Russian military’s rampant corruption helped Ukraine win the war

A group of Russian conscripts appeared drunk in front of their commander.

In January 2024, the Russian independent newspaper Verstka published research on corruption in the Russian Armed Forces that saw widespread bribery of commanders by their service members.

A British Ministry of Defense update on the war in Ukraine commented on the story and reported that bribes had been given out for things like leave, certification of physical training, military rank, and even avoiding disciplinary actions for using phones or drinking while serving.

The services that Russian service members were expanded when Vladimir Putin ordered the invasion of Ukraine in February 2022, and soldiers could purchase injury certificates and awards for participating in Moscow’s ‘Special military Operation’.

The British Ministry noted that Verstka published the rough cost of purchasing leave from the front, which equaled roughly $440 dollars, in the price of squaring an injury certificate, which equaled about $11,000 dollars.

“Corruption has long been a problem in the Russian Armed Forces,” the British Defense Ministry explained in its war update. “It is likely that corruption significantly undermines the effectiveness of the Russian military.”

“There is only a remote chance that significant progress will be made in reducing corruption levels,” the defense ministry continued. This wasn’t the first time corruption in the Russian ranks has made news since Russia invaded Ukraine.

Corruption problems have plagued the Russian Armed Forces ever since Putin’s invasion of Ukraine began highlighting the major issues the country was facing. But there was one example from 2023 that really underscored Moscow’s situation.

At no time in the war was it more evident Russia had serious systemic corruption issues than when news reached Western media that a Russian officer had been arrested for stealing tank engines and selling them on the black market.

Colonel Alexander Denisov was arrested by authorities in March 2023 for allegedly stealing seven V-92S2 engines that were meant for a new stock of T-90 tanks according to a report from the Russian language newspaper, The Kommersant.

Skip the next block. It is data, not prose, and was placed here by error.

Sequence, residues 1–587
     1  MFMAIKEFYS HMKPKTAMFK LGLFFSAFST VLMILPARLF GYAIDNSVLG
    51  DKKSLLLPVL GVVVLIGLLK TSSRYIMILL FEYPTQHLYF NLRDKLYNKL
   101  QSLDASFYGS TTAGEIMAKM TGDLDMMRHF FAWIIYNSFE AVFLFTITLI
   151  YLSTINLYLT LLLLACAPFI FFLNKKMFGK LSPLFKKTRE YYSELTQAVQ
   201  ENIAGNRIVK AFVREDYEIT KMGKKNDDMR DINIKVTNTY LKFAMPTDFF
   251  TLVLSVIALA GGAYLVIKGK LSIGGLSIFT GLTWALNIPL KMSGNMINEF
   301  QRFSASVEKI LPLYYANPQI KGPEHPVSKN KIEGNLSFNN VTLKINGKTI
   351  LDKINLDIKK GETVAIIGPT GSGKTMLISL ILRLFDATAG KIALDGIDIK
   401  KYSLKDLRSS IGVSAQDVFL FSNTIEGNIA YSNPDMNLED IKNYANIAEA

Colonel Denisov had sold a number of the stolen tank engines at some point between November 2021 and April 2022, a fact that was relayed by The Telegraph’s James Kliner. Kilner picked up the story of Russian military corruption and translated the details into English.

As you might imagine, tank engines can cost quite a large amount of cash and Kilner reported that a single V-92S2 tank engine was worth roughly $200,000. That means Colonel Denisov could have been pocketing as much as $.14 million dollars if he had sold all seven engines. 

Kilner noted that the colonel was the commander in charge of “technical tank support” in Russia’s Southern Military District, which explained how Denisov got access to the engines and was able to take them for sale at a later time. 

Denisov was arrested in March at Rostov and was later charged with “stealing parts intended to be installed on tanks” according to a translation from The Telegraph. 

Colonel Denisov’s story was a great encapsulation of the problems Russia faced in the early days of the war as the scale of corruption in Moscow’s military was made apparent. Nothing was as it should have been and the country didn’t look like it was ready for a major war.

The first reports of Russian corruption affecting the war in Ukraine came shortly after the invasion began. Columns of combat vehicles were stopped for days due to a lack of fuel which some reports said was because troops had sold it in Belarus according to the Kyiv Post. 

In October 2022, The Guardian reported on the lack of basic equipment available for soldiers mobilized in Russia’s first big push for more troops, the reason being mass corruption.

“I am not at all surprised to see the mess that the army is in,” Gleb Irisov, a former air force lieutenant in the Russian military explained to the Guardian’s Pjotr Sauer at the time. 

“The army has always been deeply corrupt, and those issues were never properly addressed. They didn’t spend any money on the personnel while our seniors were becoming rich,“ Irisov added. But just how corrupt is the Russian military system?

BBC News Russia published its own report in October 2020 on the corruption in Russia’s Armed Forces and showed that over the previous eight years, there were 558 sentences issued by military courts for the theft of army clothing, a situation far worse for other equipment.

Over the eight years investigated, there had been 12,000 convictions for fraud, with 2019 and 2018 being particularly bad years, as well as over 700 embezzlement convictions of contract servicemen that included both regular soldiers and their commanders.

However, corruption extends past the theft of military property. It’s present at everything at every level of Russia’s command structure and decision making according to retired U.S. General Ben Hodges. 

“These are the kinds of things that are the result of either total incompetence or corruption,” General Hodges said in August 2022, “false reporting, people signing off on things that actually don’t meet standards, and of course the individual Russian soldier.”

How the corruption problem in the Russian military will continue to affect the war in Ukraine has yet to be seen. But it is clear Russia’s corruption problem has probably helped Ukrainian forces as they’ve fought to defend their country from their neighbor. 

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